After her husband’s plane crash, Rachel Michelberg was forced to make one of the most difficult decisions of her life.
The Los Altos Hills resident’s family tragedy led her to write a memoir, “Crash: How I Became a Reluctant Caregiver,” in which she chronicles the moral and emotional impact of caring for an impaired family member.
While Michelberg’s then-husband David survived the crash, he was left with severe brain and back injuries. She said his frontal lobe, which controls cognitive skills, emotions, impulsivity and processing, was severely harmed. According to Michelberg, David was in need of 24-hour supervision.
“I was thrust into this situation where the assumption is that I will become his caregiver,” she said. “I had the realization that that was a role that I wasn’t able to fulfill.”
Before the accident, Michelberg said their marriage had already been tough. She made the difficult decision to leave her husband after 10 years of marriage, becoming a single mother of two young children while dealing with a host of other challenges.
“My biggest concern was for my husband to have dignity to be cared for in the best possible situation, and I just knew that that couldn’t be with me,” Michelberg said. “I did work very hard to try to ensure that. In the end, I think it was the best possible outcome for all of us. He seems as happy as he can and has the best quality of life, and so does my family now. I really wanted him to have the best care and to have a dignified life.”
Michelberg began writing about this episode in her life in her memoir four years later, re-creating scenes that took place preceding the accident. Throughout the 11-year writing process, she said she experienced a lot of self-doubt, but she ultimately enjoyed being part of SheWrites Press, a hybrid publisher, and its community of women writers.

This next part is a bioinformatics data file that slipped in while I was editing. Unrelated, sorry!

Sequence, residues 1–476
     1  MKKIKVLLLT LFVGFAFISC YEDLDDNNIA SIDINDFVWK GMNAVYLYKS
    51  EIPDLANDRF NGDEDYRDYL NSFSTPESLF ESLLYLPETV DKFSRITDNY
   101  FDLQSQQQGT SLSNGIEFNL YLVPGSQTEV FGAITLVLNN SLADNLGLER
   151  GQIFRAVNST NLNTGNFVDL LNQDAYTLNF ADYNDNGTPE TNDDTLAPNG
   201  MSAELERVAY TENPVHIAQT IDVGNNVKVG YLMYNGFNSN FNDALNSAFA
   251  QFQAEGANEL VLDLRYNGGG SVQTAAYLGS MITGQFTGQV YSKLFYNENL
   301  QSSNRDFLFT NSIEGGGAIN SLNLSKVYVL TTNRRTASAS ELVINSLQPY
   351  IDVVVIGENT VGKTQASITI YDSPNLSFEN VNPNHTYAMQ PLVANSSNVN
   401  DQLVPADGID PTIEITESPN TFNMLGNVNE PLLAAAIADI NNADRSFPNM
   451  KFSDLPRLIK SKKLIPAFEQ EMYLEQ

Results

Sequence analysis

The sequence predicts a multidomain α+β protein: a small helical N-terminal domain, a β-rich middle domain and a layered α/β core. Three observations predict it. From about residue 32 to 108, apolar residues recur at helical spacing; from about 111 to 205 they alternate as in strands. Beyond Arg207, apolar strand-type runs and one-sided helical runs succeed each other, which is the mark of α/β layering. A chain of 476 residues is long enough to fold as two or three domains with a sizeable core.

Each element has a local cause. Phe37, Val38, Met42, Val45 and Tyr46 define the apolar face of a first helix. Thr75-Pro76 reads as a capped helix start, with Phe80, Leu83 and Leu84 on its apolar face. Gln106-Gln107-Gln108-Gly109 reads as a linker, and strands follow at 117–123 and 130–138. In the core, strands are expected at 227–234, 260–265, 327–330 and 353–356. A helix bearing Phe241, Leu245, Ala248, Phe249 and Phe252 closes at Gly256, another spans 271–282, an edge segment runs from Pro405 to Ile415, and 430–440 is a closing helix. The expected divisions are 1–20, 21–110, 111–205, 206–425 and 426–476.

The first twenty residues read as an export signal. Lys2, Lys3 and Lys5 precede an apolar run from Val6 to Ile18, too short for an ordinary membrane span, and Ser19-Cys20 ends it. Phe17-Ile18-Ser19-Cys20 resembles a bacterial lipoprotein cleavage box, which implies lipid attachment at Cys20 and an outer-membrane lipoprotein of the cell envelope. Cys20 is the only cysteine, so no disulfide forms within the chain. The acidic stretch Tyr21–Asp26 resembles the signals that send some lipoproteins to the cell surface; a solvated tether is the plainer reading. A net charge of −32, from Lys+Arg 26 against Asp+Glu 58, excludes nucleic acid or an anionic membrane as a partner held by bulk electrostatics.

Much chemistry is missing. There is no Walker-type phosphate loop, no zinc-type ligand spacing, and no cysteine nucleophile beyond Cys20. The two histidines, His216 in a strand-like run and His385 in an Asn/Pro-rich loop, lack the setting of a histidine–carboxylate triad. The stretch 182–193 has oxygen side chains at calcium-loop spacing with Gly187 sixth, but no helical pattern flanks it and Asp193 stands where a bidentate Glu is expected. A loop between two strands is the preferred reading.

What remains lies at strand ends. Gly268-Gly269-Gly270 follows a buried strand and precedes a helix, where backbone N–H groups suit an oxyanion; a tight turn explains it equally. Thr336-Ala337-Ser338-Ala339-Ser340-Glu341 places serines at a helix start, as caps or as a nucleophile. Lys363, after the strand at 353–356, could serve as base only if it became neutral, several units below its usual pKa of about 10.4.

“I was afraid that my story wouldn’t have a popular appeal, but I really believe that at some point in most people’s lives, we are going to be faced with a caregiving dilemma, and it’s usually our parents that are going to need some kind of assistance,” she said. “We rarely have to face it with a spouse – that their needs are so great that it’s just inconceivable to be able to take care of them on your own.”
Michelberg brings readers through those difficult years and hopes the book sheds light on how to cope with moral dilemmas and caregiving expectations.
“I had options that not everyone does,” she said. “The message I want to give is that you’re important, and if you feel that your quality of life would be so severely affected that you would become resentful and angry, it’s OK to allow yourself permission to consider other options for the caregiving of your loved one.”
The book is scheduled for release April 27, with a virtual launch hosted by Books Inc. set for April 29. To register, visit tinyurl.com/aar5jca3. It also will be available through Barnes & Noble and other booksellers.
For more information, visit rachelmichelbergauthor.com.